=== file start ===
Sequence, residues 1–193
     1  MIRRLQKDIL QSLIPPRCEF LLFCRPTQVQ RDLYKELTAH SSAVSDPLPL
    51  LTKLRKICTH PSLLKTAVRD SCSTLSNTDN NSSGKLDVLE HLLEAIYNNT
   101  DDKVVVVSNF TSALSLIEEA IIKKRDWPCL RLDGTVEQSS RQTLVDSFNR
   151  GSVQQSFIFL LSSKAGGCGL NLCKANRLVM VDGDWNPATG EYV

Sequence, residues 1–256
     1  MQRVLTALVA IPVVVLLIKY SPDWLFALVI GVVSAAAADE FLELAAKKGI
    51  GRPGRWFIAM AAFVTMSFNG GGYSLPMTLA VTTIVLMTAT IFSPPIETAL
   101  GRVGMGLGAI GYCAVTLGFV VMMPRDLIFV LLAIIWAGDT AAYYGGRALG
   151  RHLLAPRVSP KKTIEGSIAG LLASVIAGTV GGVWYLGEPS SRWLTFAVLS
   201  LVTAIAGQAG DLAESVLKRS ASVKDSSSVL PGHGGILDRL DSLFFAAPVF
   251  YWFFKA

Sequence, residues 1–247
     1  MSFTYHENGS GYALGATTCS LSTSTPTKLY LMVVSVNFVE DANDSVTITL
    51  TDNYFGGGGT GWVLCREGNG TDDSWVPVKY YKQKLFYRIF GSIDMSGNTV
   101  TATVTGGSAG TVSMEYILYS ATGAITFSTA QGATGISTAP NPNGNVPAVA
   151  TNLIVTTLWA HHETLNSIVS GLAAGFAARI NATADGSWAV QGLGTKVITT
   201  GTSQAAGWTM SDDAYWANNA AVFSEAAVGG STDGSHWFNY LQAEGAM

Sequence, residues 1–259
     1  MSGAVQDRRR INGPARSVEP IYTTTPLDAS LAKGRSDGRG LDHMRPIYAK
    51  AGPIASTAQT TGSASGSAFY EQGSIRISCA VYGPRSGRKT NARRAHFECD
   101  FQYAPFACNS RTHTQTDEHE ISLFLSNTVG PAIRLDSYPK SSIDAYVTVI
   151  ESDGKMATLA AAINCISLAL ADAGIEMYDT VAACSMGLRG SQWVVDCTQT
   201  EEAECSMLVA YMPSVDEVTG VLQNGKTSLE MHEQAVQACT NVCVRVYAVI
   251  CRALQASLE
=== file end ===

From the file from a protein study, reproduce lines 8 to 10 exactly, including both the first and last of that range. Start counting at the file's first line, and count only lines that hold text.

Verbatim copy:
    51  GRPGRWFIAM AAFVTMSFNG GGYSLPMTLA VTTIVLMTAT IFSPPIETAL
   101  GRVGMGLGAI GYCAVTLGFV VMMPRDLIFV LLAIIWAGDT AAYYGGRALG
   151  RHLLAPRVSP KKTIEGSIAG LLASVIAGTV GGVWYLGEPS SRWLTFAVLS